The days when a mother stayed at home and always got custody of the children are left in the past. Now when it comes to caring for children fathers have the same rights as mothers do. In today`s world, both parents work to bring home the bacon and quite often it is a father, not a mother who stays at home with kids.
It is a remarkable change in the family dynamics and the society in the whole. There are even established rules concerning the father`s rights. Let’s consider Paternity in Kansas in greater detail.
People who have children understand the strong and unbreakable bond parents share with their kids. This bond is so significant that there are state laws to protect the rights of both parents and children. The State of Kansas is not an exception.
For Kansas kids court cases, it has not been uncommon for mothers to see their rights honored more than fathers` ones. Besides, more and more emphasis is placed on the role that fathers play in kid`s life. Consequently, when it comes to children, more importance has been placed on upholding father`s rights.
Traditionally, mothers have most been regarded as the primary kids` caregivers, acting as their nurturers, supporters, and protectors. While mothers are very successful in this role, it has also been admitted that fathers play a significant role in kid`s lives as well. Fathers are similarly capable to care, nurture and support their children, acting as effective disciplinarians at the same time. Besides, the study has shown that kids with doting and supportive fathers start to develop their language much earlier, enhance their social skills and do better academically.
Change is all around us. Moral values and social norms change too. The Kansas State is not the exception. In Kansas between 1950 and 1980, the percentage of kids born out of wedlock jumped up from 4,5 % to 18,4 %. By 1994 that number had a remarkable leap again, to 32 %.
You may be surprised, why does this matter? The Kansas State law makes it essential. Married couples are established as the parents of every baby they have by default. But as for unmarried couples, they have to go the extra mile to ensure they and their kids are safe and protected. For couples who are not married, the legal procedure, first of all, starts with the “Establishing paternity” as the baby’s father isn’t automatically considered as a birth father.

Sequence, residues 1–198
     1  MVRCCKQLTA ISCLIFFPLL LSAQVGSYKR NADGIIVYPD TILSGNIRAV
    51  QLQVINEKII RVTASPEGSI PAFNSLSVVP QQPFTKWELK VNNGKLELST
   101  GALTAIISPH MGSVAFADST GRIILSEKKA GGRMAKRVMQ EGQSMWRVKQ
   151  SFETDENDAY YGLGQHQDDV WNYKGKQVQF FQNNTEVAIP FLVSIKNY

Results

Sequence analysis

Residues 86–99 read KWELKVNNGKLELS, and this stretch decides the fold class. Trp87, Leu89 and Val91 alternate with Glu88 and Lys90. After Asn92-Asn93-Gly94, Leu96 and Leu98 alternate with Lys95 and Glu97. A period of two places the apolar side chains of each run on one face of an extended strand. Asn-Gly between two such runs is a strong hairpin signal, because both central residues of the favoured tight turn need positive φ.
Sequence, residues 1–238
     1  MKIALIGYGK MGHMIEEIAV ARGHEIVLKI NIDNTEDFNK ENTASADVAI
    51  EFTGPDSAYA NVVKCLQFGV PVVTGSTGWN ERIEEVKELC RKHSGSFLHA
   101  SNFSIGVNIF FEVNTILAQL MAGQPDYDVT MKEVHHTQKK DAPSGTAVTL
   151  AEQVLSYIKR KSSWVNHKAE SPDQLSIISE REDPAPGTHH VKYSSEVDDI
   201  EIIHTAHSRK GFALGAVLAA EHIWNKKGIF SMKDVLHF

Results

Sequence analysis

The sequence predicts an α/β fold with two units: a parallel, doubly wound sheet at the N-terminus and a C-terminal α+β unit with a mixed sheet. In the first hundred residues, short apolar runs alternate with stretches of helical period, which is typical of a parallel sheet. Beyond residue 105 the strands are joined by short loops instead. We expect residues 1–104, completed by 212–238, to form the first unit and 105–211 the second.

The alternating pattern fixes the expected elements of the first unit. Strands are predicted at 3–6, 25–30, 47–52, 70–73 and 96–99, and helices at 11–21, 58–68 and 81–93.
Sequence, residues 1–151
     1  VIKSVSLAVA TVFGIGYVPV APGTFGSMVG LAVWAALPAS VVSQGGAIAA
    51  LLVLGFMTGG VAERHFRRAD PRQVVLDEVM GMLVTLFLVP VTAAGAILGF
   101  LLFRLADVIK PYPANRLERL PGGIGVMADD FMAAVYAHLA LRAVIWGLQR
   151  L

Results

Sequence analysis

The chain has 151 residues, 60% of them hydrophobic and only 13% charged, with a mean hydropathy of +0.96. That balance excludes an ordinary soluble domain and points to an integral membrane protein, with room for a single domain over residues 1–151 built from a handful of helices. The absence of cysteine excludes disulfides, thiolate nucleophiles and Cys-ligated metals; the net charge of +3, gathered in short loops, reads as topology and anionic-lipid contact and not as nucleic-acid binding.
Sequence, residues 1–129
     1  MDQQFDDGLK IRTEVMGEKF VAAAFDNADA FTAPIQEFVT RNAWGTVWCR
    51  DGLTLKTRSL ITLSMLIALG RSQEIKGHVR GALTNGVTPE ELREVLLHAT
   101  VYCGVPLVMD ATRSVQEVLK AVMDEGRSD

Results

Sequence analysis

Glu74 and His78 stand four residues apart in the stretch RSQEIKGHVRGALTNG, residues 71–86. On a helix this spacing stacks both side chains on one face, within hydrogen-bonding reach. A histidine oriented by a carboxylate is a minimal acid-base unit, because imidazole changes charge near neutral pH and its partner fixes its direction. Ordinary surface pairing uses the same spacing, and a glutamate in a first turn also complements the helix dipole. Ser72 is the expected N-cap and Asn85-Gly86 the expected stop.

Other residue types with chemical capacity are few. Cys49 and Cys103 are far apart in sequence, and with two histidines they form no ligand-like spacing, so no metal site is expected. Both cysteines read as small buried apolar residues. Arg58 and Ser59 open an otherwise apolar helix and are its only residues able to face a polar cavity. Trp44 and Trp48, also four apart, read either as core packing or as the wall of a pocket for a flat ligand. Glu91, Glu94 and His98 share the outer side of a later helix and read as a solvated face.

“Establishing paternity” means that the baby`s biological father becomes a father within the law.
The most important thing a father can do in protecting Kansas paternity rights is to establish himself as a kid’s legal and biological father. When a kid is born to married parents, it is automatically assumed that mother`s husband is also a legal and biological father. In this case, parents don’t need to prove paternity, and the father`s name is put on the baby’s birth certificate automatically. But if the couple is not married, the paternity establishment can become more difficult as parents need to go the extra mile to prove that alleged father is baby`s legal and biological father.
There are two possible ways for unmarried couples to establish paternity:
In the case of positive answer, the court issues a final paternity judgment which signifies that the paternity is formally established. After that, a father`s name will be added to the baby’s birth certificate. Also, the court will enter an order concerning the financial obligations (education, medical treatment) and make a decision about the custody, visitation, and residency. Sometimes parents have already a parenting plan, so the court can use it if it is in the kid`s best interests.
There is a significant number of positive moments in establishing paternity, which directly benefits the father and a kid. By establishing the paternity, kid`s legal and biological father gets a right to seek child custody and visitation in a court of law.
Beyond that, a father obtains the right to have a voice in important decision- making concerning the kid including the medical treatment, education, extracurricular activities, religious upbringing, etc. Most significantly is that it provides an opportunity for a father and kid to build a strong connection and establish a relationship of trust.
Kansas fathers who need legal information to child custody should become acquainted with their rights under the Kansas State law. The father`s rights to child custody may be dependent on whether he is married to a kid`s mother or not. Unmarried fathers should establish their paternity rights under the Kansas State law. Once the paternity is established, a father can request the custody arrangements and negotiate a parenting plan with a kid`s mother.
A Parenting Plan intends to determine where a kid lives, when a kid spends the time with each parent, including weekends, school vacations and holidays. A Parental Plan also covers religious and educational principles under which both mother and father will bring their kid up. If mother and father can’t reach the consensus on a parenting plan, the Kansas court may require negotiations with the help of a mediator.